Police scour records of suspected QIH campaign kingpin

Cyril McGuinness, aka Dublin Jimmy, died of apparent heart attack in English police raid

Documents and computer records found in the so-called safe house where the suspected leader of the gang that has waged a campaign of intimidation and violence against executives at Quinn Industrial Holdings was hiding and where he died yesterday are due to be analysed to determine his wealth and criminal associates.

Cyril McGuinness (54), who was known as "Dublin Jimmy", died of an apparent heart attack when Derbyshire police at 7.30am raided the property he was staying in in Buxton.

Gardaí and the PSNI believe McGuinness, a Dubliner who was based in Co Fermanagh, was the leader of a criminal gang that has waged a campaign of intimidation and violence against executives at QIH in recent years. That campaign included the abduction and torture of Kevin Lunney in September.

The QIH executive team believe the men perpetrating the violence are taking orders from, and being funded by, a suspect they call “the paymaster” whose aim, the executives believe, is to drive them out of the company.


The documents, laptops, phones and other devices found at the Buxton address will now be checked to establish who McGuinness had been in contact with and if he was in receipt of unexplained payments and, if so, from whom.

Security sources said McGuinness believed his location was completely unknown to law enforcement, and because of that he had taken the records with him, in a bid to conceal them from the Garda and PSNI.

Series of searches

The raid at the Buxton property was one of 18 searches carried out in Ireland and Britain yesterday as part of the investigation into the abduction of Mr Lunney, a 50-year-old father of six and chief operations officer at QIH.

In the Republic, five locations were searched in Co Cavan, three in Co Longford and four in Dublin. More than 100 Garda members were involved, including the armed Regional Support Unit, National Support Services Dog Unit, National Bureau of Criminal Investigation, Drugs and Organised Crime Bureau and National Public Order Unit.

In the North five locations were searched, including properties linked to McGuinness in Co Fermanagh and some of his close associates. The searches in the different jurisdictions centred on private residences and business premises, including yards and industrial sheds.

QIH welcomed the joint investigative effort by the Garda, the PSNI and Derbyshire Constabulary.

As well as the raids yesterday, the Garda and PSNI also signed off on the creation of a joint investigation team, under the Eurojust police co-operation agency, into the attack on Mr Lunney and all of the related threats and violence as far back as 2012.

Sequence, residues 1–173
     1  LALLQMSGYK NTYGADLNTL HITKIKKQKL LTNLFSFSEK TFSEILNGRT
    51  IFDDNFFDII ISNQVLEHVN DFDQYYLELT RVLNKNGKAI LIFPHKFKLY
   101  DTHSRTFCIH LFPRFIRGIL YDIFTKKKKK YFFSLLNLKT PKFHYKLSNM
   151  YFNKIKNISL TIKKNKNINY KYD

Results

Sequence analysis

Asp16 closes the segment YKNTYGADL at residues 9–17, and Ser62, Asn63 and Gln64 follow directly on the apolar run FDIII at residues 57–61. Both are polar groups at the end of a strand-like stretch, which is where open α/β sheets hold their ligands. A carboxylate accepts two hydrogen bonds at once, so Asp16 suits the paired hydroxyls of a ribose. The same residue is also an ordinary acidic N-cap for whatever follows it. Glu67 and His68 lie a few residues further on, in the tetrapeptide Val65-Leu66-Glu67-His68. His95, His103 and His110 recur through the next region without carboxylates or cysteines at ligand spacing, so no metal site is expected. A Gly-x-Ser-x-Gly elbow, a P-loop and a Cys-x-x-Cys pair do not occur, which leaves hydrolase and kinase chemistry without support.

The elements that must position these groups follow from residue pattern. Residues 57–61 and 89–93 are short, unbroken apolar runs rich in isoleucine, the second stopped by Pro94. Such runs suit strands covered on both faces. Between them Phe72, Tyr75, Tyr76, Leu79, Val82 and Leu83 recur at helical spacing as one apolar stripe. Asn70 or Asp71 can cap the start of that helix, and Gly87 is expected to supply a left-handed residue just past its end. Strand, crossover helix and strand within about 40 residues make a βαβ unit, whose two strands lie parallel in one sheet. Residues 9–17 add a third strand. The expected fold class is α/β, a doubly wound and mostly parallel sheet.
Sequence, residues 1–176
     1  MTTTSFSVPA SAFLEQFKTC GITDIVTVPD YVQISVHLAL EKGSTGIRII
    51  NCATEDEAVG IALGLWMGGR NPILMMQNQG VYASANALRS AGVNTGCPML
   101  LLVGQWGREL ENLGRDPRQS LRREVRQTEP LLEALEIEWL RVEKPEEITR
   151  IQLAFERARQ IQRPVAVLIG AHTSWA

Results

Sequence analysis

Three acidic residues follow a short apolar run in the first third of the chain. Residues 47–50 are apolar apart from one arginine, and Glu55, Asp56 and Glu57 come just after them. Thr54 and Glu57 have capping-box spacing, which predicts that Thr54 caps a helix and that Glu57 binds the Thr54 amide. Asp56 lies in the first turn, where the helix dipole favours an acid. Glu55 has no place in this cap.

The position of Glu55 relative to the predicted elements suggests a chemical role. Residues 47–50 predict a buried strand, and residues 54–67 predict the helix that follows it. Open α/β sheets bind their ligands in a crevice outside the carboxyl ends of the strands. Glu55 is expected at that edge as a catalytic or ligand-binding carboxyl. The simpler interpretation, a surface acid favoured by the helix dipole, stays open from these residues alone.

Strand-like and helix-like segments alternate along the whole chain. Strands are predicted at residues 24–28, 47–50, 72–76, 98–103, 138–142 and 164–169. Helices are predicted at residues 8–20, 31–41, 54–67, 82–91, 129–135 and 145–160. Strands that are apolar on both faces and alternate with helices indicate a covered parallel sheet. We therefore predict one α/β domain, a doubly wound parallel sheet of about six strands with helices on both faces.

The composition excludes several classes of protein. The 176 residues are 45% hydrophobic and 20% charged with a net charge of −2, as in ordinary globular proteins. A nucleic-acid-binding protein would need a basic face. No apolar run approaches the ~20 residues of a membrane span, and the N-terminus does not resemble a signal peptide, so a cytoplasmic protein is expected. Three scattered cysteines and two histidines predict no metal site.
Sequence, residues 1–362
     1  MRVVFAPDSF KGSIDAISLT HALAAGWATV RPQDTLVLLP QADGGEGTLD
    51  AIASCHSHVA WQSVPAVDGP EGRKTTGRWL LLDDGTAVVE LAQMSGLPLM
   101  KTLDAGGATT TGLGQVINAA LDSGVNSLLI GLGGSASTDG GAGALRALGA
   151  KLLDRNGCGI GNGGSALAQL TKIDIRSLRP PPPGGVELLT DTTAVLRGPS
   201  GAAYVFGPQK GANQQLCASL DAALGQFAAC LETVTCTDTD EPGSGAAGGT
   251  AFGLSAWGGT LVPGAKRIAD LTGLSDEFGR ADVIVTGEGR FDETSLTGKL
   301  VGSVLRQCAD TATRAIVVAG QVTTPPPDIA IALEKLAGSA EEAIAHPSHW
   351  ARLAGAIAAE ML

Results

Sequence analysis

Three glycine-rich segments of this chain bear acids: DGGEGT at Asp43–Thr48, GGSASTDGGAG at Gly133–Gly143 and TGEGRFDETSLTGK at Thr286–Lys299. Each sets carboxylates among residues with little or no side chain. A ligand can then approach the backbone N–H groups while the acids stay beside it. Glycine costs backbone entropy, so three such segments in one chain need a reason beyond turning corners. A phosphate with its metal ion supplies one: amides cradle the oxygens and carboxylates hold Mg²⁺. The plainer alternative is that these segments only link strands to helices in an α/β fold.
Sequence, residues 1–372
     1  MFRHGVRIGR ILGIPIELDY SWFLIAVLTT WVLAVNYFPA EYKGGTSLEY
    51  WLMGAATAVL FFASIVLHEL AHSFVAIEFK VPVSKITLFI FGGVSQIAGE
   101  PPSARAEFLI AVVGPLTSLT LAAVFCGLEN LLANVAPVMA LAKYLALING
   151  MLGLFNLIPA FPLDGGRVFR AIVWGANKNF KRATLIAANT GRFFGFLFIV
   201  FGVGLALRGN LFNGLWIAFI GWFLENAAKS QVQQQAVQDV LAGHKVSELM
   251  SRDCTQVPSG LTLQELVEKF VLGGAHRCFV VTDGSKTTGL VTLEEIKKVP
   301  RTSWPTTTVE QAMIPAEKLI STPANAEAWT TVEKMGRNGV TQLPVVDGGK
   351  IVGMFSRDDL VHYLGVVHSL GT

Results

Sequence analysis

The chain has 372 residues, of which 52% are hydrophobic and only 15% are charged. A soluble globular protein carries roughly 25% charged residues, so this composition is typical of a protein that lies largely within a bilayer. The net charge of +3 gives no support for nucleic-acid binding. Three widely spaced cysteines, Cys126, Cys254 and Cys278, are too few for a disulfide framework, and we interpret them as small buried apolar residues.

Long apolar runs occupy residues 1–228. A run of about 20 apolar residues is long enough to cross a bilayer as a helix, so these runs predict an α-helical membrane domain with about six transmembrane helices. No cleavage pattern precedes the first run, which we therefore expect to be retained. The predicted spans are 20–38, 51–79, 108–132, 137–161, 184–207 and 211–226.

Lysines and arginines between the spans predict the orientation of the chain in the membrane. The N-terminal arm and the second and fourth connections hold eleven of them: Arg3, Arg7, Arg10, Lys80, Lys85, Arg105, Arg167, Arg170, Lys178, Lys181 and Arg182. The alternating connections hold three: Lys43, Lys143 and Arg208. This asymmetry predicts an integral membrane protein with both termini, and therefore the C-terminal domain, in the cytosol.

Garda Commissioner Drew Harris said the joint investigation team, the first of its kind between the Garda and PSNI, would allow for greater co-operation between the two police forces and also the prosecution authorities.

"We want to be seen to act in a strong and robust way, to show that there's no room for criminality anywhere on the island of Ireland," said Mr Harris.

Mr Harris made the announcement at Garda Headquarters, Phoenix Park, Dublin, alongside PSNI Assistant Chief Constable Mark Hamilton.


QIH chairman Adrian Barden said that while the company was relieved at the series of co-ordinated police raids after years of inaction, it wanted to see arrests and the paymaster behind the long-running campaign of intimidation and attacks caught.

“It is one thing getting the people that have done the activity but it is more important to find out who has been paying for it because they would not have done it on their own volition.”

Mr Barden said the intimidation, vandalism and violence against the Cavan-Fermanagh company’s executives “feels like things you see from the Mafia or Peaky Blinders.”

The three US investment funds behind the business were “totally perplexed” why no arrests have been made in the investigation, said the Hampshire-based business.

They would consider closing the business, which employs more than 800 staff, if the violence continued and the owners could not guarantee the safety of their management and staff, he said.

“Whilst there has been a huge investment in this business, is it really worth a life? I don’t think any money is,” he said.

Conor Lally

Conor Lally

Conor Lally is Security and Crime Editor of The Irish Times

Simon Carswell

Simon Carswell

Simon Carswell is News Editor of The Irish Times